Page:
Most of the officers turned a blind eye, a deaf ear and a dead conscience to this decidedly unfaithful behavior. Inmates housed in other dormitories called ours the "fake-based" dorm, and this was not a misnomer.
New chaplains were periodically hired to oversee the program, and each tried unsuccessfully to impose some semblance of discipline among the "participants." But the so-called convict code was so deeply entrenched in many of these men that anyone even seen speaking with a chaplain was labeled a "snitch."
I served the final year of my sentence at the adjacent Wakulla Work Camp, where there are also outstanding chapel services and religious courses taught by devoted volunteers. But the majority of the work-camp inmates did not even attend church or classes for most of the time I was there.
In sum, the faith-based program at Wakulla is not reaching its full potential to help change lives, families and communities. Reforms are obviously needed.
For starters, inmates who enroll in a faith- and character-building program should be required to participate and obey the rules. In addition, they should be taught how to do unto others as they would have others do unto them (Matthew 7:12).
Blind eye to abuse
Most importantly, they should be treated humanely. Prison inmates at Wakulla and throughout Florida are treated worse than the terror suspects at Guantanamo Bay.
Officers routinely shout and swear at them. They sleep on skinny mattresses on hard steel bunks with no safety steps or railings. They work outdoors for long hours with little or no protection from the cold, rain, sun and ubiquitous mosquitoes. And they are often forced to quickly consume their meals as if they were in a food-eating contest. This results in mass indigestion and massive food throwaways at taxpayers' expense.
Being sent to Wakulla, or any prison in Florida, is a potential death sentence for nonsmokers. Former Gov. Bush signed legislation in 1999 that banned smoking in prison dormitories, but inmates who smoke do not observe this law.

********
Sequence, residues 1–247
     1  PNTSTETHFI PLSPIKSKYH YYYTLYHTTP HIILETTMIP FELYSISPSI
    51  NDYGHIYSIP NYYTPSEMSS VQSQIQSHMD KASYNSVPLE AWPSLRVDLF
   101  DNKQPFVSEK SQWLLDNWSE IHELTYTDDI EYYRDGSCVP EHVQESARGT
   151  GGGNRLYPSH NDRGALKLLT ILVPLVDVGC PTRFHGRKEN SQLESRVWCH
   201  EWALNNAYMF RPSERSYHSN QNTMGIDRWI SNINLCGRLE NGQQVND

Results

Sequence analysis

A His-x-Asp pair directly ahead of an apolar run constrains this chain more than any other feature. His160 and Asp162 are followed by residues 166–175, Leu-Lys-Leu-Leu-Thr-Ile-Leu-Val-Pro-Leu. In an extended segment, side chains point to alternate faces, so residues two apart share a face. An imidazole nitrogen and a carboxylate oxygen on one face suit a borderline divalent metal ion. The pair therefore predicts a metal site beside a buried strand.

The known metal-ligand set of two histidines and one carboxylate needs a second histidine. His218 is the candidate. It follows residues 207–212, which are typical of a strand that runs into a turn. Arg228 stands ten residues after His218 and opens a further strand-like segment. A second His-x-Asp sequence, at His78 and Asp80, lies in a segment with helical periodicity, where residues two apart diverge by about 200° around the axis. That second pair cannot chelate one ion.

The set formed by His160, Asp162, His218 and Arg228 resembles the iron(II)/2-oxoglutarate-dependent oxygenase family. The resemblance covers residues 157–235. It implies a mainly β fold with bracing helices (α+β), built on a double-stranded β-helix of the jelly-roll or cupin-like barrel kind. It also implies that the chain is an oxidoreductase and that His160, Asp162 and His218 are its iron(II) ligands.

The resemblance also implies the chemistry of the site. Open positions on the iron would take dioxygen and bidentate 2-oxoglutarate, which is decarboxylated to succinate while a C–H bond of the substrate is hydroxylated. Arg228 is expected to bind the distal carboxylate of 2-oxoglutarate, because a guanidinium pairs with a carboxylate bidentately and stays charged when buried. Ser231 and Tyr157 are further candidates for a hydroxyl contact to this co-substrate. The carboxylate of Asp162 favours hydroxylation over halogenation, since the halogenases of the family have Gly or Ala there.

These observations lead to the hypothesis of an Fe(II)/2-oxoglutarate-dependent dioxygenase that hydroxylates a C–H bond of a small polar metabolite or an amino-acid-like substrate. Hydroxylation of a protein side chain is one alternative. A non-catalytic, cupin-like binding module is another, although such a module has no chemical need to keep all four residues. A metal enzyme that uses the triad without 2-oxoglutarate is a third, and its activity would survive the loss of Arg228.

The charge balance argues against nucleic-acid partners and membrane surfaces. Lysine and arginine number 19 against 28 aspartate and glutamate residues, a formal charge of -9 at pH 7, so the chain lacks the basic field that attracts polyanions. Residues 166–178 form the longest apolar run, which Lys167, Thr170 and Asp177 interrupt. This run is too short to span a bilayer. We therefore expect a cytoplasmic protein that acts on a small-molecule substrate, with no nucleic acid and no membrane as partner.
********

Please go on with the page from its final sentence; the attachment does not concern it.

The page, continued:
Thousands of nonsmoking inmates have filed grievances - some courageous souls have even filed lawsuits - complaining about deadly secondhand smoke. And thousands more would no doubt complain, but inmates who file grievances or legal actions are often hauled off to confinement, their sentences thereby extended.
Fear and intimidation
As some officers are fond of warning would-be whistleblowers: "I will not lie to you, but I will lie on you."
In 1997, Florida received $13 billion in settlements from the tobacco companies to recover the cost of treating Medicaid patients for smoking-related diseases and disorders. But the state still sells tobacco products to prison inmates and then forces taxpayers to pay for their health care and settle the lawsuits filed by nonsmoking inmates who are constantly exposed to deadly secondhand smoke.
Throughout my sentence, I was treated for breathing difficulties caused by massive inhalation of others' cigarette smoke. Now that I live and work in a smoke-free environment, I no longer take medication, but I am concerned about developing lung cancer due to the voluminous amounts of carcinogens that I inhaled in prison.
Every nonsmoking inmate who has served time in Florida's toxic prisons should receive free screening and, if necessary, treatment for lung cancer, heart disease and respiratory disorders.
Banning the sale of tobacco in Florida prisons - as county jails, federal prisons and many state prison systems have already done - would save thousands of lives, millions of dollars in health-care costs and potentially billions in liability to the taxpayers.
Corrections officers perform critically important jobs in our society, and they should receive commensurate respect and remuneration. Their treatment of an inmate can determine whether he returns to society as a contributing citizen, or as an angry, unrepentant criminal. Hurt people hurt people.
Mistreating men in prison, moreover, does not inculcate faith and character in them; it makes them feel more unworthy of a better life, free from drugs, crime and incarceration. I saw officers at Wakulla commit random acts of kindness, while others committed rampant acts of cruelty. Abusive or apathetic officers, such as those who sleep on the job, must find less-important work elsewhere.
Allowing inmates to violate prison rules and state laws with impunity is another form of mistreating them, in the same way that parents who have a laissez faire approach to child rearing can be charged with neglect and have their kids taken away from them.
Most men in prison desperately need correction - but not abuse - from the Department of Corrections.
Jesus said, "Inasmuch as you did it to the least of these My brethren, you did it to Me" (Matthew 25:40). So we are all going to be judged by the manner in which we allow these least-regarded members of society to be treated.